By Katy Mendelsohn & Mary B. AdamsToday’s blog post takes us to the African continent where we spotlight South Africa’s s social media scene and what impact the World Cup has had on it.
South Africa, like the rest of Africa, is lagging behind the rest of the world on broadband Internet. The broadband penetration was only 2.67% in 2008, quite low compared to 2007 stats for the US - 21.9%, France - 22.3%, and Taiwan - 19.6%. Part of this is due to lack of infrastructure and telephone land lines. On the other hand, mobile penetration in Africa is higher than any other region in the world.
Despite unfavorable broadband conditions, South Africa is among the top 10 most progressive counties in the world undergoing a connectivity revolution that is changing the whole of Africa. As a result South Africans are consuming social media ferociously. In a recent study by Sysomos, a Canadian research company, South Africa earned the number 10 spot in the world’s top Twitter countries, surpassing China, Japan and the Philippines, with over 467,500 monthly visits.
Facebook is also an important platform in South Africa. According to Facebakers, South Africa has almost 2.9 million Facebook users, the second highest number of users amongst African countries (after Egypt) representing a 15% share of the total Facebook population on the continent. The penetration rate of the total online population is 62.83 %.
South Africa is the first African nation to host the world’s biggest sporting event. This is the first World Cup to occur during the age of social media, and some bloggers are calling it the biggest thing to ever hit social media. Sites such as Twitter, YouTube, and Facebook have brought together soccer fans across the globe to celebrate and debate referee decisions online. FIFA capitalized on the success and recently launched its own social-networking service called “The Club,” which has already exceeded 1.6 millions members. Google has rolled out Street View launch and 3D Stadiums in South Africa, the Street Soccer Tour on YouTube, a global Doodle for Google competition, among other “exciting football related initiatives.”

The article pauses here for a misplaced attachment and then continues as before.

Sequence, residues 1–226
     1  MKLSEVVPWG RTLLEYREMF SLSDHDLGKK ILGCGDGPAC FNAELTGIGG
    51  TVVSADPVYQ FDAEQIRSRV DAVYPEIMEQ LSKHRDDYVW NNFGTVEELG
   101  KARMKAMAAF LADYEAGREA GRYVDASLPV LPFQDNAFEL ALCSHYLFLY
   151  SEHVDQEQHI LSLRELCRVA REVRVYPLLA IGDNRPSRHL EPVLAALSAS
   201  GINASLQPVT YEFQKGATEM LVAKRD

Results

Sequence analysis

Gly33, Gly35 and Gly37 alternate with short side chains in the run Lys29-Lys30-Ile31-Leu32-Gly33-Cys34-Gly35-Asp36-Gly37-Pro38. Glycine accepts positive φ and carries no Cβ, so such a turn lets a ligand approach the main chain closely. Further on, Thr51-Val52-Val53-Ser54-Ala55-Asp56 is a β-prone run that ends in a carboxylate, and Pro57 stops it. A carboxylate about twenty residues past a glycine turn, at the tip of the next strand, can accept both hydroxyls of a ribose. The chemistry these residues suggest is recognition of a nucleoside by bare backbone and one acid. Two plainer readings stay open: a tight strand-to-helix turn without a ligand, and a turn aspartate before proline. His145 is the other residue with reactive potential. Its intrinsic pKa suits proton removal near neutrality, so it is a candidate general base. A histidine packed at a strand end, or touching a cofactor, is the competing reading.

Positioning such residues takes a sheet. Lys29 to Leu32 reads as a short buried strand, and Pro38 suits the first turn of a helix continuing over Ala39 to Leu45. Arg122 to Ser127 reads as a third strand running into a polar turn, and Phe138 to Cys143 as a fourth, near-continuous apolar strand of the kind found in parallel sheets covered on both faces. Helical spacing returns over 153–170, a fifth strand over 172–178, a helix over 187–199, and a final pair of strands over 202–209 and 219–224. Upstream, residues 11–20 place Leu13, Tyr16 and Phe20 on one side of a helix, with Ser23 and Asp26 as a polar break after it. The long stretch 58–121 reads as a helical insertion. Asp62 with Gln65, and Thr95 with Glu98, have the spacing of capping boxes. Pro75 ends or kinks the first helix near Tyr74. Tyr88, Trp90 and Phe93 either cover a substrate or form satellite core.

With World Cup social media mania heating up, South Africa is able to globally showcase what the country has to offer like never before. The piercing buzz of vuvuzelas, those ubiquitous horn-like instruments you might have noticed at World Cup matches, has revolutionized one of the largest social media epidemics the world has ever seen. Global Voices, an international community of bloggers, recently compiled a list of social media links devoted to everything vuvuzela – and it’s a very long list! So even if you can’t be a part of the World Cup in person, you can still soak up the atmosphere and experience this historic event vicariously through social media.